Every situation is different especially when you decided to come out and reveal your position with relatives such as parents, siblings or friends that you're close to. Yet what I am about to layout are for adults and not children.
It's important to start with thinking about the purpose of your communication, and that is just to come out to them, that is to come out of hiding and let them know who you are and what you've been struggling with. The goal is to remain as close as possible to your family and be accepted and hopefully supported by them in the future. Remember you are the only one who knows very well your own family, especially their beliefs when it comes to the LGBT community or issues they might have seen on the media regarding the LGBT community.
You must also consider if you should come out at all. If you are still dependent on your parents/family (under 18, or if they are paying for college, etc... ) then you need to think of the possibility of their cutting you out or off. The last thing you want to be is a homeless transgendered youth. If this is the case, then it may be wiser to spend some time finding and getting support before proceeding.
If you decide that the time is right and it's safe to come out to them then...
How to approach it:
My experience has been with Transgendered clients, that a letter works best. The letter has several advantages over face to face communications.
You get to take your time and think about what to say and word it perfectly.
You can have a friend; therapist or supportive person read it over first and give you feedback.
You can't be interrupted in your communication.
Your family member can go back and read it again and take their time with it.
Why a letter and not an email? Well, a letter is more personal, email can be a little cold.
What to reveal:
I'm of the school of thought that you should just say it in your own words as clearly and plainly as possible. I think it can be good to also include the following:
Reassurance that you love them and want to remain connected and hope that they will be supportive.
Reassurance that this is not their "fault".
A little bit about your struggle with gender over the years, your experience, coping, isolation, etc... (be specific! It will help them empathize with you)
A few recommendations of books, articles or support groups in their area
and I recommend to ask them specifically not to respond right away, but to take some time (a week) before they respond. Let them sit with it and what they just absorb. This will prevent any immediate bad or negative response and let them calm down.
Just as you would tailor a cover letter for a job you may need to tailor your coming out' letter for different family members. Your parents are two (or maybe more than two) separate people, invite them to respond individually.
What not to communicate:
There is no need to talk about specific long term plans/timetables or surgeries in your coming-out letter. Remember, the purpose of the letter is to let your family know that you are transgendered. Period. Future plans are better left for future communications. Why? Because just digesting the fact that one has a trans son/daughter/brother/sister is enough to begin with. I think it's OK to gently allude to the fact that changes might be coming in the future, but I wouldn't go farther than that in your first communication on this topic.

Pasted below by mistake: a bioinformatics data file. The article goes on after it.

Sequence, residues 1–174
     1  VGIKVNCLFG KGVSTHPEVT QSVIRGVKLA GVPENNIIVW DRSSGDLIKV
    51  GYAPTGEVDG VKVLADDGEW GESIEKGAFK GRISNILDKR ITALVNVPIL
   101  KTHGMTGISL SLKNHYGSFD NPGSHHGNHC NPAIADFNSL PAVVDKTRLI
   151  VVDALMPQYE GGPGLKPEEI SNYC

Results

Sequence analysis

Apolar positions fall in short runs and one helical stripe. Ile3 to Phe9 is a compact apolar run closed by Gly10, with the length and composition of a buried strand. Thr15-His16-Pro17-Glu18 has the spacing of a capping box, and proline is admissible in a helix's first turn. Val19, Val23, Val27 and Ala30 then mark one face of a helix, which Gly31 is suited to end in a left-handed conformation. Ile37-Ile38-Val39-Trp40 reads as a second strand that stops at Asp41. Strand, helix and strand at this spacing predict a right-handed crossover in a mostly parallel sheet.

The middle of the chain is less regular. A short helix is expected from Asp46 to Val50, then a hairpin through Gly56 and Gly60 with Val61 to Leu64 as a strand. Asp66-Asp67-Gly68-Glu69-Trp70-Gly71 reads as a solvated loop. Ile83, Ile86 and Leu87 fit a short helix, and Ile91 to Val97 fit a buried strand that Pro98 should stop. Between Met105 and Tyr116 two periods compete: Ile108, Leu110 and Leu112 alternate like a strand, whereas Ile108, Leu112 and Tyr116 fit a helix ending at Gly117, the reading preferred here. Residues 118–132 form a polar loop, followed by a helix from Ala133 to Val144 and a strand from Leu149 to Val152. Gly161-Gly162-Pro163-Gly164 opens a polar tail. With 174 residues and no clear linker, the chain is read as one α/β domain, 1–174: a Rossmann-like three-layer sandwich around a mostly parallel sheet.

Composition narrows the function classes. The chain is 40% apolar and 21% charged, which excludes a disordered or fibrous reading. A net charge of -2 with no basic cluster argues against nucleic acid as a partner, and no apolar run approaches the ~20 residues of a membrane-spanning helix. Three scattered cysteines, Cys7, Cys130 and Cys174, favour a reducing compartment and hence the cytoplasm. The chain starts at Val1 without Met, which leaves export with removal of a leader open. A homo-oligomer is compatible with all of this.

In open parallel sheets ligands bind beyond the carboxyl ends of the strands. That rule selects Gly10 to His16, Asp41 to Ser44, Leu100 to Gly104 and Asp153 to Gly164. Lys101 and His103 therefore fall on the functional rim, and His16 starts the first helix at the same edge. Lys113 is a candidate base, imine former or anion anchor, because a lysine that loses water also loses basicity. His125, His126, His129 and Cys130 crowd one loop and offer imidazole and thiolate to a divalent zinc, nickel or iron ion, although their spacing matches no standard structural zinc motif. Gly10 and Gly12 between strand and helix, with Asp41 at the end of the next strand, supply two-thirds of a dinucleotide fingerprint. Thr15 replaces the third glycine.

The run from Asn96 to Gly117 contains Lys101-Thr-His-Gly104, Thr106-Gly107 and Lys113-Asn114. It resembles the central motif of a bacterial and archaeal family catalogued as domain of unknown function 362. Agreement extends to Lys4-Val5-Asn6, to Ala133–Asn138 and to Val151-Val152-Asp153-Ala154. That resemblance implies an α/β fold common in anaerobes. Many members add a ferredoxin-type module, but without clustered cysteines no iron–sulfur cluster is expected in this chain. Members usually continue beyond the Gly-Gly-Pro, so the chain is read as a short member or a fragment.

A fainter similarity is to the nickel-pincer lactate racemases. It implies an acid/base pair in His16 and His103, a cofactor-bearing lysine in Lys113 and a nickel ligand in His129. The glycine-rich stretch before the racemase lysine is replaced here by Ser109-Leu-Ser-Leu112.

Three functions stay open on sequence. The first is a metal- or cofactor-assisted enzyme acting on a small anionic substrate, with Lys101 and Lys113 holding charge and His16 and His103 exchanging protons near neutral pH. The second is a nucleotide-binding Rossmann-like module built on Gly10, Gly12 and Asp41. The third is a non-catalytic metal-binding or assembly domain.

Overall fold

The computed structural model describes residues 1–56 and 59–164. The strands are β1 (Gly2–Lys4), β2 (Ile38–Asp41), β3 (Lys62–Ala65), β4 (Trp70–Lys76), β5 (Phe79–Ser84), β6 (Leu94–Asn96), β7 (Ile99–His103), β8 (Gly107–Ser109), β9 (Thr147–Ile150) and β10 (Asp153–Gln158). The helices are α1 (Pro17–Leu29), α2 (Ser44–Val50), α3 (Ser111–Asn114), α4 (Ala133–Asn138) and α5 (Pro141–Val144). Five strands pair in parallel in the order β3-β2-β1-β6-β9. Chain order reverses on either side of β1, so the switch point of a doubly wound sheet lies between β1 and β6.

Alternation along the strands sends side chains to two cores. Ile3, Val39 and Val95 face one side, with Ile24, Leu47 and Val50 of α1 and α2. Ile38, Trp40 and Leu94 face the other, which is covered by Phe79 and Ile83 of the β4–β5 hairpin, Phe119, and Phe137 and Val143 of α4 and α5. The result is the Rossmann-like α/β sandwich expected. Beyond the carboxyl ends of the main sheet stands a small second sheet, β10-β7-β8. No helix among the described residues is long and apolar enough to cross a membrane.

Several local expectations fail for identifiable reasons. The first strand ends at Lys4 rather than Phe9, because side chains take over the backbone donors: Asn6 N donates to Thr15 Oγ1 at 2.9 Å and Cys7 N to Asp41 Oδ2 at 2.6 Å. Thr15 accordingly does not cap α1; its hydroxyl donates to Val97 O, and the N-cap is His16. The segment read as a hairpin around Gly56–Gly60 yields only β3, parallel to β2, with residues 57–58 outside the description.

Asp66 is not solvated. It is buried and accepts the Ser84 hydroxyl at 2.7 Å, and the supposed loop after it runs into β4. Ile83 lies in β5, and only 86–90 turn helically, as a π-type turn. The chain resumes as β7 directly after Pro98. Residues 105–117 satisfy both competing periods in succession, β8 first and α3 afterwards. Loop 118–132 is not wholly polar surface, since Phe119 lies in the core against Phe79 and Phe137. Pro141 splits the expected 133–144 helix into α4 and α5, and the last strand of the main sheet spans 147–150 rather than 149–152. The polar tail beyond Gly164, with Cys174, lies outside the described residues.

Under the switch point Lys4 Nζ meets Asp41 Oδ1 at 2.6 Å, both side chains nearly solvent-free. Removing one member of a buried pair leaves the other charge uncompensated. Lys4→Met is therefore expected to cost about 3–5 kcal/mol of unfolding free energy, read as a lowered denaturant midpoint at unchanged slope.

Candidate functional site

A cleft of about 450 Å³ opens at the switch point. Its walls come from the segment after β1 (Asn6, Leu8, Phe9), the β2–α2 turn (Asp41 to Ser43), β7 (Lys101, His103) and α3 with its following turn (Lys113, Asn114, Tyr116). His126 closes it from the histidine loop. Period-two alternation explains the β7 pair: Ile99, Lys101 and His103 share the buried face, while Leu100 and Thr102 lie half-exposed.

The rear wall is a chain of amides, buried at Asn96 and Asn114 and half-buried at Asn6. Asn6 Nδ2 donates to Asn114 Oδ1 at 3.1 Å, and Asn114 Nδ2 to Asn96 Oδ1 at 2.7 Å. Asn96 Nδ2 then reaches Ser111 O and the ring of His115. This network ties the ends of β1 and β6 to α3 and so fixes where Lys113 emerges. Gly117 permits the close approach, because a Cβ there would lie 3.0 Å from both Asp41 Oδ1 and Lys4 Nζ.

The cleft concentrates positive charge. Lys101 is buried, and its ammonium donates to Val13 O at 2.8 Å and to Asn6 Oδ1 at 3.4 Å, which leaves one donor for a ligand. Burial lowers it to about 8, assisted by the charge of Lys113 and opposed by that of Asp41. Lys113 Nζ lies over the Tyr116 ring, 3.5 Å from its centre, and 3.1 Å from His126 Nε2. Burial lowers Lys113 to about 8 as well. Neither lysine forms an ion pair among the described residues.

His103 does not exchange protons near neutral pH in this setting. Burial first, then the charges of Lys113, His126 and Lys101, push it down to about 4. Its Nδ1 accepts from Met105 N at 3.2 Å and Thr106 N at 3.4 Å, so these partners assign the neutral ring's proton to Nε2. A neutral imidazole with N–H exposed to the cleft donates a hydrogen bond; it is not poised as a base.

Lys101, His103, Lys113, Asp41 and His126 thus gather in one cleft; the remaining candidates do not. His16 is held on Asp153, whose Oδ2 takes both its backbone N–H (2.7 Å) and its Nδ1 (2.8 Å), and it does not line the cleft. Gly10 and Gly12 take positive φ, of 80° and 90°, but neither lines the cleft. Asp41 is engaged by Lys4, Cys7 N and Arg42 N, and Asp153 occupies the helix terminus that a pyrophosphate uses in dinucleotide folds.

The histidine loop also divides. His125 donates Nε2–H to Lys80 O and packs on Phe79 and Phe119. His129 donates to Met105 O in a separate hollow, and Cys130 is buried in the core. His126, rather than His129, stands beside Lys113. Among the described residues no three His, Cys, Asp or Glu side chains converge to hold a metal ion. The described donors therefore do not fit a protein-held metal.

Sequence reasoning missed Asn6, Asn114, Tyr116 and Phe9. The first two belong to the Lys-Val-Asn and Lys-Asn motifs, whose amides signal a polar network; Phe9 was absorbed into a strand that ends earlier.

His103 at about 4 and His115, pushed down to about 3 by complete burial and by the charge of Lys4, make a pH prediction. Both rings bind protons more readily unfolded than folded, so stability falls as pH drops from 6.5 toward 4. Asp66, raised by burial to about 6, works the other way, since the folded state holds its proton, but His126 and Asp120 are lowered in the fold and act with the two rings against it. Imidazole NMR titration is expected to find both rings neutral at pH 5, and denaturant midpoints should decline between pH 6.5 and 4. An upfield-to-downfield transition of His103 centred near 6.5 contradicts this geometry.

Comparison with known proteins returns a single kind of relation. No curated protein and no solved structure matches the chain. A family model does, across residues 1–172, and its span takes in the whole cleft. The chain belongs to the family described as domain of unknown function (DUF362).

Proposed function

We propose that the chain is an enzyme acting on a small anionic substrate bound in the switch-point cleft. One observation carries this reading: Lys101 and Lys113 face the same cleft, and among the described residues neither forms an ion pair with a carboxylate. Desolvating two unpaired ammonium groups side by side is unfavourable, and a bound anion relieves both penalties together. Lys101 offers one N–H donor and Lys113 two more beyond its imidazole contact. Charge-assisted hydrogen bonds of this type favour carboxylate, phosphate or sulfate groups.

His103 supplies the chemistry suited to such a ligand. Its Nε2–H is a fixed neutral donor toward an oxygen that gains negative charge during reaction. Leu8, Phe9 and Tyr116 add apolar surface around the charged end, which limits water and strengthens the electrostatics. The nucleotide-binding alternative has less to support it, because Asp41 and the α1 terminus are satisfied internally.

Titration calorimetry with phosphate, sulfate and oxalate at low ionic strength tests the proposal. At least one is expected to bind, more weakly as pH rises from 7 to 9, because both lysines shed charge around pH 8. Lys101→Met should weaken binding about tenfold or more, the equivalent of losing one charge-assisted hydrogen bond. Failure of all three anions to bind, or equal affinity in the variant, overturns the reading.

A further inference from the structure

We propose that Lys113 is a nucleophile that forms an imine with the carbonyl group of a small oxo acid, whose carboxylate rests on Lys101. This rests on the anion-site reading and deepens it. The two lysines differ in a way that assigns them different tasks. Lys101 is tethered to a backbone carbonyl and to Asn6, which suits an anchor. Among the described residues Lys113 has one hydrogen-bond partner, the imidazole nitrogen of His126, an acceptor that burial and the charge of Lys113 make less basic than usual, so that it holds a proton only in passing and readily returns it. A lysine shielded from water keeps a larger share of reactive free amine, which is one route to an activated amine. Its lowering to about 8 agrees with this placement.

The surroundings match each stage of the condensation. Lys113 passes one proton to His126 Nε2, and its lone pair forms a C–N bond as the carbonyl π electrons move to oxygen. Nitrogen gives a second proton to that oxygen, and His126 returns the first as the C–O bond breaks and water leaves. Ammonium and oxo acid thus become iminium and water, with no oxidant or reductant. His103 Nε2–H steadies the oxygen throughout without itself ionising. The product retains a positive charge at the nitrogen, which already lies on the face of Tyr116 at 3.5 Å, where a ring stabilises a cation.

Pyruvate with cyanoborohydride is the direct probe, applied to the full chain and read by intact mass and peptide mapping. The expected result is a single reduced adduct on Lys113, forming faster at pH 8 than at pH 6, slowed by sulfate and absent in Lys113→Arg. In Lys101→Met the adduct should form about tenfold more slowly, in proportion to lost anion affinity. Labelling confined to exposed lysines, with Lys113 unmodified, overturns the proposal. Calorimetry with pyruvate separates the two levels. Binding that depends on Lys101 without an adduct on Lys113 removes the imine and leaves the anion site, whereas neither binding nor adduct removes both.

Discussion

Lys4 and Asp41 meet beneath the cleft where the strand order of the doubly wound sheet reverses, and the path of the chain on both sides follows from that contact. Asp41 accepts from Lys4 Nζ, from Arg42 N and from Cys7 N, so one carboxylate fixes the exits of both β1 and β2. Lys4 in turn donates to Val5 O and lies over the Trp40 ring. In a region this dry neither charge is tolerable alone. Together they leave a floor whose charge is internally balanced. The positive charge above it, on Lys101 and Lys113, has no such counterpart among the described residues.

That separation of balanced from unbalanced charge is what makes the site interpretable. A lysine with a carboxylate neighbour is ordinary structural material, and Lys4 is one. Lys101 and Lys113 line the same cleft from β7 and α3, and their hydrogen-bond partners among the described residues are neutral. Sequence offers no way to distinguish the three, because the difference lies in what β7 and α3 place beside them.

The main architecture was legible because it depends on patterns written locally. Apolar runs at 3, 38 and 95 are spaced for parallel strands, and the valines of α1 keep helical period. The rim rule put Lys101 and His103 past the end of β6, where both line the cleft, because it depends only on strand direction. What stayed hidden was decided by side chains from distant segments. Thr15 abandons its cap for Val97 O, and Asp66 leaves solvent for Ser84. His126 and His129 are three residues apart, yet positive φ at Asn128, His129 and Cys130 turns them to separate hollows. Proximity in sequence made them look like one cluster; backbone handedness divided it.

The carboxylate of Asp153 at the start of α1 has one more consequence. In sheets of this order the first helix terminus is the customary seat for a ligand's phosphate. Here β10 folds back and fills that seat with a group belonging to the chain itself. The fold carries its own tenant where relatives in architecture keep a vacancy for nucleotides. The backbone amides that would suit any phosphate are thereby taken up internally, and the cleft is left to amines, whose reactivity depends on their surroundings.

There is no need to go into the origins of transgender or even throw at them topics that would only allow more confusion. There are too many conflicting theories biological and otherwise, and even if you knew the origin of your being transgendered, it wouldn't change it. Try not to justify your position just yet.
The Results or Aftermath:
If you get a positive response that's great! Otherwise stay calm, even if you get a negative first response. Give them time. Remember, you've had a lot of time to think about this and are ready to move ahead. They are just learning of this for the first time and need to absorb it.
Don't be reactive to a negative response. Be the adult (or if you don't feel it, just pretend). Remember the long term goal is to have them be connected to you, maintain a good relationship with them and have them be supportive. Keep the long term goal in mind in all your communications with them.
It does happen sometimes that parents have a very negative response and even reject you outright. This can be very hurtful and disappointing. When this happens, again, don't be reactive no matter how you feel. Keep the long term goal in mind. It's easy to "write them off", but ultimately unsatisfying if you want to have your family.
How to handle a negative response:
Communicate that you are open and ready to talk when they are,
Be understanding with their difficulty in accepting/understanding/assimilating this information. Understand that they need time and may have a religious/cultural basis of understanding that can't be overcome quickly.
Express your wish and hope that it will change over time.
Ask what you can do to help them accept this?
For those of you who are contemplating about coming out to your family and friends, but are not certain how to approach it, due to you knowing your family very well. Feel free to contact me here at Transgender Insight and I would offer my support and advice.